What I Read in May

This was a great month for reading – lots of page-turners and books I had been meaning to get to!  My thoughts on each of this month’s reads are below, listed in order of when I finished each book (no spoilers, I promise). Have you read any of these? Are any of these books on your TBR list?

Best. State. Ever.: A Florida Man Defends His Homeland – Dave Barry

It took me a few chapters to get into this book.  At first, it felt kind of like reality TV, enjoyable, funny, but kind of feels like you are rotting your brain, but as I got further into the book, I liked it more and more.  Barry explores some of the tourist-trap areas of Old Florida, like Weeki Wachi Springs, Cassadaga, and Key West, and shares his often hilarious arguments for why Florida is the the Best. State. Ever.

A minor critique: The author Dave Barry is not from Florida… He is from New York, so the title is not actually true…

Sweetbitter – Stephanie Danler

I can see why some people might not like this book – the writing meanders a bit and most of the characters aren’t very likeable – BUT I really enjoyed it.  The story revolves around a young woman who moves to New York City and gets a job at a fancy restaurant (allegedly based on Union Square Cafe) despite having no qualifications.  The reader gets a peek at restaurant culture and the after-hours life of the restaurant service crowd.  Some of my favorite passages were Danler’s descriptions of wine flavors and histories.  This book reminded me a lot of Anthony Bourdain’s memoirs, but with a female perspective.

One Day We’ll All Be Dead and None of This Will Matter – Scaachi Koul

This was one of my April Book of the Month Club selections.  One Day We’ll All Be Dead and None of This Will Matter is an essay collection by debut author Scaachi Koul, a young Indian-American woman.  Her essays discuss her experiences as a woman, as a daughter of Indian-American immigrants, and as the girlfriend of an older, white man (who she affectionately refers to as “Hamhock”).  While her essays were often touching and more often hilarious, I do wish they had a bit more depth.  The essays mostly recounted how things happened and didn’t delve deeply into how she felt about those things or what the significance of those events was.  I suppose this book just left me wanting a little bit more.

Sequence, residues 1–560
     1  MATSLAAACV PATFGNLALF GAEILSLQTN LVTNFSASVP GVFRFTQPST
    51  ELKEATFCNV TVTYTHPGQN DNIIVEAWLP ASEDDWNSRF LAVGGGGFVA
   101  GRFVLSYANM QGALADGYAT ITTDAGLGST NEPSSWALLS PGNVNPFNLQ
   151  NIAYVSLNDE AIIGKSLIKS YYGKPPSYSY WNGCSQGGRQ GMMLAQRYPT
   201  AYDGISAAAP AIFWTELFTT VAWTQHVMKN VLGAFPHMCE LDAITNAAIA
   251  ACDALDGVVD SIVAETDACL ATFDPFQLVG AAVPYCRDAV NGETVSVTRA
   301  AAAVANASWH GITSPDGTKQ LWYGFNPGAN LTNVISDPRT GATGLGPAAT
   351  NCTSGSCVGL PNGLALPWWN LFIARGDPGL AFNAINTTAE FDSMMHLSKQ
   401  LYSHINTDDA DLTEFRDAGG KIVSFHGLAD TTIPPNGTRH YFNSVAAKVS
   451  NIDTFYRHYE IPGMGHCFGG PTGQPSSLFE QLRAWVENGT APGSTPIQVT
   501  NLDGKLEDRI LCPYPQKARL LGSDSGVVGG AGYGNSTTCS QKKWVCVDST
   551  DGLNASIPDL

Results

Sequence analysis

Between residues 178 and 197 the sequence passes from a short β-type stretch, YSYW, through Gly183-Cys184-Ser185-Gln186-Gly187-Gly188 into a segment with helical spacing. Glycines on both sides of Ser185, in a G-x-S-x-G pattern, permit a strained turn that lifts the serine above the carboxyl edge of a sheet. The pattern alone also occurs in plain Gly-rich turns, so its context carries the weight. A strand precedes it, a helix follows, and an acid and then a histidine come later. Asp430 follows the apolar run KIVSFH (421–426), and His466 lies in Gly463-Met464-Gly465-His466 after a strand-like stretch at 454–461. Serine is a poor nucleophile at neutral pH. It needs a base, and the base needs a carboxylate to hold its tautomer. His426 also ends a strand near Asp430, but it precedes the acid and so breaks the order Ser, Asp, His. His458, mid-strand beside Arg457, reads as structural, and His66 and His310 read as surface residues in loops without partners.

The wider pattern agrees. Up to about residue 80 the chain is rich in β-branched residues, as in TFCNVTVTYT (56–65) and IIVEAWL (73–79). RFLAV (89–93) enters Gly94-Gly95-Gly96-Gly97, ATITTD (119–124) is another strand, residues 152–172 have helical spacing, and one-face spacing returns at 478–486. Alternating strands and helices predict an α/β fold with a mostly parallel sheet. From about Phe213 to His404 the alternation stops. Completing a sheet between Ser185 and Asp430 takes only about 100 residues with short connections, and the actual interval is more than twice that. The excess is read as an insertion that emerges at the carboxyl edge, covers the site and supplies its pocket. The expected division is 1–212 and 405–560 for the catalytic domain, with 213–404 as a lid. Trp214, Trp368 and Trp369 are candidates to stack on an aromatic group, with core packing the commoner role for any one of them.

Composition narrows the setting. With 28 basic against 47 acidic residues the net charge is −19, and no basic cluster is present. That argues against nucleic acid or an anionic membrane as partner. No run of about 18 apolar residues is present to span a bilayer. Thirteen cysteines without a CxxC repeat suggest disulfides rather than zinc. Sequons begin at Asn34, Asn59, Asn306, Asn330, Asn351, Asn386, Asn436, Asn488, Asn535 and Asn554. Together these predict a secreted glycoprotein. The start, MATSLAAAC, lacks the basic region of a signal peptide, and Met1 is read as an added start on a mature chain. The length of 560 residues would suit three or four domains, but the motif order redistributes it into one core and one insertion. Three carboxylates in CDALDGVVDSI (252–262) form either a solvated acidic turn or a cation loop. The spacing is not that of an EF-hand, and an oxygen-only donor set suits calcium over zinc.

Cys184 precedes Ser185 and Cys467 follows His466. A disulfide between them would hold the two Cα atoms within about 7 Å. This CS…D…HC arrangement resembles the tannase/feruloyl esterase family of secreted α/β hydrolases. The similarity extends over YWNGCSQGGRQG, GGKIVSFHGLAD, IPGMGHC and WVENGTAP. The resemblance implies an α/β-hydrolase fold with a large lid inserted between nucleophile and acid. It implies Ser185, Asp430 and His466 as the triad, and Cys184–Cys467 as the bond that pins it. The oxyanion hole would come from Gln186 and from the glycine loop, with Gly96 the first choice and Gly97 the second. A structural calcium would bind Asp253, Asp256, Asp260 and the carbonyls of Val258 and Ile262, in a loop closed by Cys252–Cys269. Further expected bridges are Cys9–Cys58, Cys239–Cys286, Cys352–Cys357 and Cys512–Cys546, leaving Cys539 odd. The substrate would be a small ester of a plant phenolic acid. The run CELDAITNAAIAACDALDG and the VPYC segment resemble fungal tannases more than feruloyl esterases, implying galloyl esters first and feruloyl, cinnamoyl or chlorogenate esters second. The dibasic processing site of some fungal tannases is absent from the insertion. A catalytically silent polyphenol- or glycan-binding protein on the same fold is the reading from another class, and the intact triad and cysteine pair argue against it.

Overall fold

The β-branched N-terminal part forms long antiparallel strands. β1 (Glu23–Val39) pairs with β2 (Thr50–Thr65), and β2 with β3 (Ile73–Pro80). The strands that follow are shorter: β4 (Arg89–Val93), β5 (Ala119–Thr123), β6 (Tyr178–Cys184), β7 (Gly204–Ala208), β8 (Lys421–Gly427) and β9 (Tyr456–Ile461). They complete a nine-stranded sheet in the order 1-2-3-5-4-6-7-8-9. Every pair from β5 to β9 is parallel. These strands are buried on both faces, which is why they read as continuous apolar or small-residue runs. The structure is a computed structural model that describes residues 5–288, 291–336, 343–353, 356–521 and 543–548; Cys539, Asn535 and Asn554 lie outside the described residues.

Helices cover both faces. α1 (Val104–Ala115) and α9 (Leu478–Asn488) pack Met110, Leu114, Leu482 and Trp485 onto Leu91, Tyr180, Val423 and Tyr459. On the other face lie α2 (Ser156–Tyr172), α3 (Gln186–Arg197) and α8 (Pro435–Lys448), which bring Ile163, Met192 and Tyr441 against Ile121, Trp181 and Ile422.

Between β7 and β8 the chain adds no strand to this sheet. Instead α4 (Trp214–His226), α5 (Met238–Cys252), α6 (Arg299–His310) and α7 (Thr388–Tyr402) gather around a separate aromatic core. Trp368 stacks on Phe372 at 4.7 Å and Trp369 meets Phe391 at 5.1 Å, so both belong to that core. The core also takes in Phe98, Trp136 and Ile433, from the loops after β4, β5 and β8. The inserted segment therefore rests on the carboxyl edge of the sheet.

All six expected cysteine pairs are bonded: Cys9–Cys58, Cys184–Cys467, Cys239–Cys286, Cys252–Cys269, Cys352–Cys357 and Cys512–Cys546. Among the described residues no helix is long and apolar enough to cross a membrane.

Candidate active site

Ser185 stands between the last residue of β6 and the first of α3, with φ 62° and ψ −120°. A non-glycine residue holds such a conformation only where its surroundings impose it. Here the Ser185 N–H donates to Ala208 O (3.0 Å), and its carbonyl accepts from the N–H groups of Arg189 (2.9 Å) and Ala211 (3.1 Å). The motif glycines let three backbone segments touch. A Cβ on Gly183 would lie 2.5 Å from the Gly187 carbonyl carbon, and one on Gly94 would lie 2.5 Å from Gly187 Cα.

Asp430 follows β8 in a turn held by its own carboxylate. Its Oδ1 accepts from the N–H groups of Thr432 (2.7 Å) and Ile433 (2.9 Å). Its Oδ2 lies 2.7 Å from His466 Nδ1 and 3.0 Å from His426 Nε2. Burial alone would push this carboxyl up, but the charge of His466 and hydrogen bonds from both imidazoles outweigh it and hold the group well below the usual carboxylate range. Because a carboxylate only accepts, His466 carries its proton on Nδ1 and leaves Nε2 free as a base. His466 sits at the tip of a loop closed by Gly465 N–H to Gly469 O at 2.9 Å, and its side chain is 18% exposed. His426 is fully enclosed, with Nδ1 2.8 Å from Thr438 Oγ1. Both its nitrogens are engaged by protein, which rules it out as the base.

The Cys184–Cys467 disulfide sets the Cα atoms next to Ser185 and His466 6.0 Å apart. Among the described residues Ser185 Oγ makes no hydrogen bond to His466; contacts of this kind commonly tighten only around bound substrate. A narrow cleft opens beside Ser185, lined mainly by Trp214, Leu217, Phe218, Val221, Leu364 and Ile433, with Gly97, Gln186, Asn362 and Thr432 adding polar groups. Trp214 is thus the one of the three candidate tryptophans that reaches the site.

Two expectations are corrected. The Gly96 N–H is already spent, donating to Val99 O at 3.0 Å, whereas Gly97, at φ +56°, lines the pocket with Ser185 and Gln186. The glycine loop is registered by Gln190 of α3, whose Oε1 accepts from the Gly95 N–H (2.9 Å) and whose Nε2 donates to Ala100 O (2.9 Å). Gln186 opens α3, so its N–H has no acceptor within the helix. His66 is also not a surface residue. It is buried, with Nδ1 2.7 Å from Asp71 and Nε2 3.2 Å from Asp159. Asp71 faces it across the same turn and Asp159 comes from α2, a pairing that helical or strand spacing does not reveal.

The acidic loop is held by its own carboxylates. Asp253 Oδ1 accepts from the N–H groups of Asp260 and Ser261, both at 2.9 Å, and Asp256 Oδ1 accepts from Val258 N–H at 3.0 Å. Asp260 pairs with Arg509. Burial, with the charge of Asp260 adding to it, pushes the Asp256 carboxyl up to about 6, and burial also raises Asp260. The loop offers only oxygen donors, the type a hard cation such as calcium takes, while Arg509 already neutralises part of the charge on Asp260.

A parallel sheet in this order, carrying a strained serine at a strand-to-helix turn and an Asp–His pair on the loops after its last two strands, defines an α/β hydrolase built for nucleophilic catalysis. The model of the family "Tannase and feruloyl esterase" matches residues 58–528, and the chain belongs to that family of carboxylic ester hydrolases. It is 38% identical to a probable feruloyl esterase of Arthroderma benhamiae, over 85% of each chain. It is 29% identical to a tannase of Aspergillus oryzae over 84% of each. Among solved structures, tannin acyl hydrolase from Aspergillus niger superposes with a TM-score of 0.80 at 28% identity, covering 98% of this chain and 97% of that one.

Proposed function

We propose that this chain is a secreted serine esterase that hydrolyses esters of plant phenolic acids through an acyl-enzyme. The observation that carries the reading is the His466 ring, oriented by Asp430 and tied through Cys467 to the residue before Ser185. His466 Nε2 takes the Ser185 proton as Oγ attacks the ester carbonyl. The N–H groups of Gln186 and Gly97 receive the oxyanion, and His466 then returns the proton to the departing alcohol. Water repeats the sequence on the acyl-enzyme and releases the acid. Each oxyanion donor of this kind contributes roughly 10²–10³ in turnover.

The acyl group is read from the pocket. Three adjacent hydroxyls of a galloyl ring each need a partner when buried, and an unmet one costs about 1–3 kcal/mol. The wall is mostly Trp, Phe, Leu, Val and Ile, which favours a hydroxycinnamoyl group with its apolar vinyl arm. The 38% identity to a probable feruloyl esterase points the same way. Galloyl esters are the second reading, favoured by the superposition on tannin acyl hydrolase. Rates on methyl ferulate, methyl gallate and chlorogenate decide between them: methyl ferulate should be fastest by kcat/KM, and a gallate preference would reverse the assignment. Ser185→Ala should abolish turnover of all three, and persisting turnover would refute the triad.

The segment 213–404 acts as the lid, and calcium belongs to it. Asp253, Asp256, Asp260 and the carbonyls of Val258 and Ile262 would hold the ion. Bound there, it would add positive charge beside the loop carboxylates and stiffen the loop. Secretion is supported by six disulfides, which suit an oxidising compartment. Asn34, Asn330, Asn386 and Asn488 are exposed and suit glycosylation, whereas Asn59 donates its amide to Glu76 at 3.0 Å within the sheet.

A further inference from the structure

A Man Called Ove – Fredrik Backman

I listened to this story on audiobook and loved it.  Ove, the main character, reminded me a lot of the main character in the 2008 Clint Eastwood movie Gran Torino, in that they were both grumpy, prickly old men who were very good people deep down.  Ove is an old-school guy in a neighborhood that is changing all around him.  A family of “foreigners” moves in and starts bugging him, and the story progresses from there.  I won’t spoil the ending for you, but I was in tears (what’s new, right?).  This story came out as a movie last year, so I am excited to see if the film lives up to the novel.

Me Before You – Jojo Moyes

Me Before You was one of those books in which it took me a chapter or two to get into the story, but once I was in, I was hooked – I finished all 369 pages in just 3 days!  This is a love story between a paraplegic young man and his eccentric caretaker.  It is hard for me to recommend this book to everyone, since it totally wrecked me at the end (like full-on ugly crying), but if you like extremely sad love stories, this one might be for you!  This is another one that was recently made into a movie that I have yet to watch.

Mr. Penumbra’s 24-Hour Bookstore – Robin Sloan

I listened to this quirky mystery story on audiobook and really enjoyed it.  The protagonist is a young man who just got a job in a 24-hour bookstore in Silicon Valley.  He starts to notice some strange things about the bookstore’s customers and the books that they borrow and the mystery unravels from there.  I don’t want to give away too much, because piecing together clues as you listen/read is a delightful experience with this story.

Ecology of a Cracker Childhood – Janisse Ray

This book was a gift from my mother-in-law a few Christmases back and it had been sitting on my TBR shelf ever since.  I finally picked it up, and I am so glad I did!  Janisse Ray’s memoir of growing up in a junkyard in Southeast Georgia was fascinating.  Similar to Lab Girl (which I reviewed last month), the chapters alternate between first-person memoir and poetically scientific descriptions of the environment.  Ray writes masterfully about growing up with a mentally ill parent and takes the reader through her journey to becoming an environmentalist.

What have you been reading lately?  Check out Modern Mrs. Darcy for more book reviews.

FYI: If you decide to purchase any books from this post, I recommend you buy them from a locally owned bookstore if that is an available option for you.  If you decide to purchase from Amazon by clicking on any of the book covers in this post, I get a small commission (at no extra cost to you).  Also, if you sign up for the Book of the Month Club(which I highly recommend) by clicking on any of the links in this post, I get a free book. Thank you!


6 thoughts on “What I Read in May

  1. Pingback: What I Read in June | Hello Marilu

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